Why Disney Is Down on a Strong Day for the Dow

A merger of rivals may have scared some investors away from Disney today.

Jul 16, 2014 at 3:30PM

The Dow Jones Industrial Average (DJINDICES:^DJI) is up 65 points late in today's trading session following a solid earnings report from Intel showing far better performance from PCs than expected. Earnings season seems to be proving profitable so far; we saw expectation-beating results among financials last week.

But The Walt Disney Company (NYSE:DIS) is down 1% after rising briefly this morning. The reason is a potential merger of two of the company's rivals.

Fox tries to buy Time Warner
It was confirmed by Time Warner (NYSE:TWX) today that Twenty-First Century Fox (NASDAQ:FOX) tried to buy the company for as much as $80 billion. It's reported that Fox offered $85 per share for Time Warner but that Time Warner's board of directors wasn't happy that the offer was for nonvoting shares, leaving the Murdoch family firmly in control of a combined company.  

So why do Disney's investors care? Disney currently owns the most valuable assets in media with ABC, ESPN, and a number of other television stations. A combined Time Warner and Fox could take over that top spot and give Murdoch the ability to leverage the company's assets in negotiations with cable companies.

Dis Theme Park Image

Theme parks are the second-most profitable business for Disney, trailing only media.

But in the long term that's not all bad for Disney. Further consolidation of media companies would leave only four major players -- including NBCUniversal and Viacom -- and give them further leverage over cable companies and consumers of digital media. That may lead to higher prices and slower innovation in areas like streaming media, but it wouldn't be bad for shareholders.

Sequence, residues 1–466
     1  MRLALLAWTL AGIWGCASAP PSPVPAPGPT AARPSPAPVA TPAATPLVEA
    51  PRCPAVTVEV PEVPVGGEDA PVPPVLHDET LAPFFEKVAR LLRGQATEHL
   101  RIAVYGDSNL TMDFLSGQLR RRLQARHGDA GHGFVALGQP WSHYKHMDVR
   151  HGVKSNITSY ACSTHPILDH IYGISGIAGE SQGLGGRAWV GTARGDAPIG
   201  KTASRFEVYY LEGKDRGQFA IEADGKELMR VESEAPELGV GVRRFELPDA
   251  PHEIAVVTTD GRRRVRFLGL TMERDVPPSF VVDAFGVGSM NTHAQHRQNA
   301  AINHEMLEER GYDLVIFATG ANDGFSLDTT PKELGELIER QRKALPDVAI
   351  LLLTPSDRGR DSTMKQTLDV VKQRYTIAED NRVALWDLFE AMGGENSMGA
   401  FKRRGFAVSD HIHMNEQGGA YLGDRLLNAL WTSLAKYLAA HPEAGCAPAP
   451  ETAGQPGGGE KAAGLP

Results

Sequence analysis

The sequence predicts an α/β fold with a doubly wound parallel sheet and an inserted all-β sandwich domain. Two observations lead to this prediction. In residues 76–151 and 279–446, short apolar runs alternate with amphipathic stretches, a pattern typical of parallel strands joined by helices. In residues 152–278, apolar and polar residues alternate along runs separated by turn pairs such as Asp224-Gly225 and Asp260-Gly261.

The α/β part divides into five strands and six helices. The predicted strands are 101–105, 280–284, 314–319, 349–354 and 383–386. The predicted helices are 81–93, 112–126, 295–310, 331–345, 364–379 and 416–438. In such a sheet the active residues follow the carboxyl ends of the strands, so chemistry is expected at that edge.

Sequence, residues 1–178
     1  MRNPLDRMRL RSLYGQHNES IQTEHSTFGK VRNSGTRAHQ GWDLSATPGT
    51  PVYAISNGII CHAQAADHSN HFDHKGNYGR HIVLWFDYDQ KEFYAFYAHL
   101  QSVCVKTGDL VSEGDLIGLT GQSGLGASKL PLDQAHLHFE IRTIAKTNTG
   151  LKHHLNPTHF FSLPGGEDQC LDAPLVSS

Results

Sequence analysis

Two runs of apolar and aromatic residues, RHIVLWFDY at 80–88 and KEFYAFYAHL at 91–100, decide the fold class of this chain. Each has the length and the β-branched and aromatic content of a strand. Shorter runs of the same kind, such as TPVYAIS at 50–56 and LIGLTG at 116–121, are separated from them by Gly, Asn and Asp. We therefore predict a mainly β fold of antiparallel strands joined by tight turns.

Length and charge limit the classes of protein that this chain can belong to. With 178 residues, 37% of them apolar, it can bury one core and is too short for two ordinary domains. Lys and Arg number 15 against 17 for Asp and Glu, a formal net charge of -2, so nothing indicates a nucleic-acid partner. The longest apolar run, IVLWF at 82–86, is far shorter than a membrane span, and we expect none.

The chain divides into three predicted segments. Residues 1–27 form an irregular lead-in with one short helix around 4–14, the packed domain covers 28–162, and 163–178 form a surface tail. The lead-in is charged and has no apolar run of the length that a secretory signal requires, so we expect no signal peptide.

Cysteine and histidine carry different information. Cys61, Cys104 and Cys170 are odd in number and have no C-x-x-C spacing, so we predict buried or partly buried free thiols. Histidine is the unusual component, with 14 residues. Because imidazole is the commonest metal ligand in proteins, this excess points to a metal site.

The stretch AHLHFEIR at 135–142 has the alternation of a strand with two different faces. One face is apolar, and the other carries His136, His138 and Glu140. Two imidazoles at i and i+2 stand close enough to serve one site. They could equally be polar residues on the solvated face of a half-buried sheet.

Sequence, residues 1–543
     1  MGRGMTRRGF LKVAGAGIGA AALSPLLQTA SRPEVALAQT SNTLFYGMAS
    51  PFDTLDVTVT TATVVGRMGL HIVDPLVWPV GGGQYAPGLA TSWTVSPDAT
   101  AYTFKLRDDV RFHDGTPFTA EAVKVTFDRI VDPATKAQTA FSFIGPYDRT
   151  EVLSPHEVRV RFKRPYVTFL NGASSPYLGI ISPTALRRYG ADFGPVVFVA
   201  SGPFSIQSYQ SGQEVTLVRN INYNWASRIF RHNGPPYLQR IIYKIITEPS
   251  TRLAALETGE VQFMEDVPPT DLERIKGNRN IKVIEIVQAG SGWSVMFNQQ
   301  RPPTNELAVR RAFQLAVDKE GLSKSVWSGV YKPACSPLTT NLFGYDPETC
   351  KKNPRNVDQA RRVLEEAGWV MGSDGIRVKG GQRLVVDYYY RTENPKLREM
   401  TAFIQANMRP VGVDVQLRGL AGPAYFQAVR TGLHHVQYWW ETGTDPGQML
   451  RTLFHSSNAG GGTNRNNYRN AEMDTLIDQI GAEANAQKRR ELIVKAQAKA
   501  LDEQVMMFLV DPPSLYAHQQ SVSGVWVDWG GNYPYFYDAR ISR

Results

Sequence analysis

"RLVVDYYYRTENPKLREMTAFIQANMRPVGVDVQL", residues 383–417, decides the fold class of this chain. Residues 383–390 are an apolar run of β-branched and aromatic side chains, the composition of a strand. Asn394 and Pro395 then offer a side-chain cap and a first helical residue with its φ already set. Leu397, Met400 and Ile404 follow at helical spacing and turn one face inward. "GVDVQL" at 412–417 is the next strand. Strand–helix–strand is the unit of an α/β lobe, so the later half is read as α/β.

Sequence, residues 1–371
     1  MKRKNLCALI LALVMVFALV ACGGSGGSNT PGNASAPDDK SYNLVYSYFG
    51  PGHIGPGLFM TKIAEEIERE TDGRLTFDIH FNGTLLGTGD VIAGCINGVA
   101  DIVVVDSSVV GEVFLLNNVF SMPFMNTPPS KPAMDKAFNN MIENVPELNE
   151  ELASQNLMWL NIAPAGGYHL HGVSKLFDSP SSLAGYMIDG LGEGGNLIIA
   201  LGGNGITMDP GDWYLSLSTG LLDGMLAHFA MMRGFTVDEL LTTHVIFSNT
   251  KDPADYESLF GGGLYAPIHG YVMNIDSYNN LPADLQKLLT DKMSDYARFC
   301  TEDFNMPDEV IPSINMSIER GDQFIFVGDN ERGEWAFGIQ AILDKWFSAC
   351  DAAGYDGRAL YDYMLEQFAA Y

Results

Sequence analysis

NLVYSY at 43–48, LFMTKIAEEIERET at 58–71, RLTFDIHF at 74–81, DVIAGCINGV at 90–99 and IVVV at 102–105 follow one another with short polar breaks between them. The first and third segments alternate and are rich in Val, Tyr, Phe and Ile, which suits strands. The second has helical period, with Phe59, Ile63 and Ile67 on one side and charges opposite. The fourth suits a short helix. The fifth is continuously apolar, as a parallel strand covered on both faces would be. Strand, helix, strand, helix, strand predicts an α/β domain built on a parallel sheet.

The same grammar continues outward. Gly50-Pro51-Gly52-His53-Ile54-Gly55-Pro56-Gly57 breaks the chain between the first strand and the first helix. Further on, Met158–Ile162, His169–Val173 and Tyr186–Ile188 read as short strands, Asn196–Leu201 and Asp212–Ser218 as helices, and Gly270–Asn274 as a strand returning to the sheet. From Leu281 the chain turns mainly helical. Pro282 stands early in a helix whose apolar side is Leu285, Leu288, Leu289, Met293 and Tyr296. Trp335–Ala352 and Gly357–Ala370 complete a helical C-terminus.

It's also worth noting that Disney's model of creating value, from the box office to television to theme parks, is unmatched in the industry, so the profit machine that has enriched shareholders is still intact.

Disney's stock may be down today on the Fox-Time Warner news, but any deal may actually be a positive for shareholders because it would reduce competition in the media space. It's times like this when a long-term view is needed, because in the short term the market's reaction can be the opposite of what it should be.

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Travis Hoium has no position in any stocks mentioned. The Motley Fool recommends Walt Disney. The Motley Fool owns shares of Walt Disney. Try any of our Foolish newsletter services free for 30 days. We Fools may not all hold the same opinions, but we all believe that considering a diverse range of insights makes us better investors. The Motley Fool has a disclosure policy.

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Jun 12, 2015 at 5:01PM

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David Hanson owns shares of Berkshire Hathaway and American Express. The Motley Fool recommends and owns shares of Berkshire Hathaway, Google, and Coca-Cola.We Fools don't all hold the same opinions, but we all believe that considering a diverse range of insights makes us better investors. The Motley Fool has a disclosure policy.

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